Stacey and Ardy Gibbs ran into the same problem that face many Twin Cities homeowners these days: selling their house was a snap but buying another was difficult.
What’s worse, the couple live in Richfield, the hottest real estate market in the metro.
They looked at nearly 30 houses, offered on two and lost out to other buyers. They finally scored their new house, a 1950s rambler 2 miles from their old one, by acting quickly and outbidding four other buyers. “We were starting to feel a little desperate,” Stacey Gibbs said. “We toured the house, thought about it for five minutes and decided to write an offer.”
The houses in Richfield aren’t the biggest, fanciest or most expensive in the Twin Cities metro. But the city is walkable, close-in and has lots of homes that are affordable to first-time buyers, traits that put it at the top of a new index designed by the Star Tribune to measure real estate performance beyond raw sales figures.
The index combines price increases, market times, seller discounts and the presence of foreclosures and short sales using sales data from the Minneapolis Area Association of Realtors. To create the index, the Star Tribune ranked each community on each of the four sale metrics, then added those rankings together to come up with a single score. The higher the score, the hotter the market.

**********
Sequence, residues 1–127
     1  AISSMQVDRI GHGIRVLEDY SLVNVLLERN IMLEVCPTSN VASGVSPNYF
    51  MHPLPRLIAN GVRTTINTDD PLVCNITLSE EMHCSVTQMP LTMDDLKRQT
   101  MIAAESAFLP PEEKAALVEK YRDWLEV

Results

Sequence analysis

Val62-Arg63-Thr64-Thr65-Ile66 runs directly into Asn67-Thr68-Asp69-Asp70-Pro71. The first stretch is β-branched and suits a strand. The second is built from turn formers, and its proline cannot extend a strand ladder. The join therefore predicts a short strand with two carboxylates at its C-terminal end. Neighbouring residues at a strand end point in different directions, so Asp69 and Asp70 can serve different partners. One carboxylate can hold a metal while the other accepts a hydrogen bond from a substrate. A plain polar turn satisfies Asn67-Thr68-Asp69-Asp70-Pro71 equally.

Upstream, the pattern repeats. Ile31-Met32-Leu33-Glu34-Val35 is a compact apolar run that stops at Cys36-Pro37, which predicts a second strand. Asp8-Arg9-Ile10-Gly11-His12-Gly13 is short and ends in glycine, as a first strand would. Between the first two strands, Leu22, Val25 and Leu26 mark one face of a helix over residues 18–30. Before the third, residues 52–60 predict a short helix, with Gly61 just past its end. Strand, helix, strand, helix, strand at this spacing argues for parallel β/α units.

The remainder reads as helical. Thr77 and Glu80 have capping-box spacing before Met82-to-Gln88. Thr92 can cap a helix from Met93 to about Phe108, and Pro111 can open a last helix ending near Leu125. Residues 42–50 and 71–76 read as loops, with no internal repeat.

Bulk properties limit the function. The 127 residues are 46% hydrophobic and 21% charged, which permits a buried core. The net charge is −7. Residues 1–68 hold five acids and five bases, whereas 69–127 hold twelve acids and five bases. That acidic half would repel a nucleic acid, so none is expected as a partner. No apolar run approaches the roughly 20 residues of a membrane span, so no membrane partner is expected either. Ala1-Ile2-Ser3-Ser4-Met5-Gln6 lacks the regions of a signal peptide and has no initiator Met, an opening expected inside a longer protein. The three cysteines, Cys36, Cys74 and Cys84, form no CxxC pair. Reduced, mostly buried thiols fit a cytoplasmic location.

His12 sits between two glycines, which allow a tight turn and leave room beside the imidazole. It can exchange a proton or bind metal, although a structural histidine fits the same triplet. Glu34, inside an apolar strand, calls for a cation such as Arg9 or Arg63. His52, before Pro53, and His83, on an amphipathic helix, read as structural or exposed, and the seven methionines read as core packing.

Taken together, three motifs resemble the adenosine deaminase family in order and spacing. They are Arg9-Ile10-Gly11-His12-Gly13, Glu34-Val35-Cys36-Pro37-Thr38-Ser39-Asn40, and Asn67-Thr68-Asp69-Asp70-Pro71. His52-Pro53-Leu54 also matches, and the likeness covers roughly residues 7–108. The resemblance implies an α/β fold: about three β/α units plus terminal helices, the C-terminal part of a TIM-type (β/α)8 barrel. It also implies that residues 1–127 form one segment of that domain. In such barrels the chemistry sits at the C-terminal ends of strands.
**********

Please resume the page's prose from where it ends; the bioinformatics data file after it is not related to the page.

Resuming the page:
And the hottest markets are those with plenty of inexpensive houses that are close to urban amenities and easy access to shopping and transportation, including under-the-radar suburbs like Crystal, Brooklyn Park and up-and-coming neighborhoods such as Bottineau and Holland in northeast Minneapolis.
The results highlighted a growing challenge for Twin Cities home buyers: Communities that are most affordable are also those where demand is most fierce, causing price increases that are quickly putting those communities beyond reach of first-time buyers and working-class families.
The situation has left sellers in the most expensive markets wondering what happened to the recovery. North Oaks, for example, is one of the wealthiest cities in the metro and a coveted place to live, but houses there took four times as long to sell than in Richfield. The buyer pool is significantly smaller, and sellers are offering significant markdowns.
By just about every measure, the metro-area housing market has rebounded from the housing crash of 2008. The foreclosure crisis is long over, and it’s now rare to find a homeowner with a mortgage that’s “underwater,” meaning it exceeds the value of the house. In many areas, including Richfield and several first-ring suburbs and inner-city neighborhoods, sellers are routinely getting multiple bids and more than their list price.
“This used to be a market where the houses sold for $60,000 to $120,000, and now it’s just crazy,” said Nancy Walker, an agent with Coldwell Banker Burnet who grew up in Richfield and is now a prolific seller there.
She said that buyers are drawn to the area in part because the houses there tend to be less expensive than those in the adjacent neighborhoods of southwest Minneapolis. “It’s accessible to everything that Minneapolis has to offer, and the reputation of the school district is strong,” she said. “You can get a really nice house at an affordable price and more bang for your buck than in Minneapolis.”
But when looking at the average price per square foot, which isn’t as heavily influenced by the size or price of the homes that are selling during the month, most cities and neighborhoods across the metro have yet to break pre-2008 records.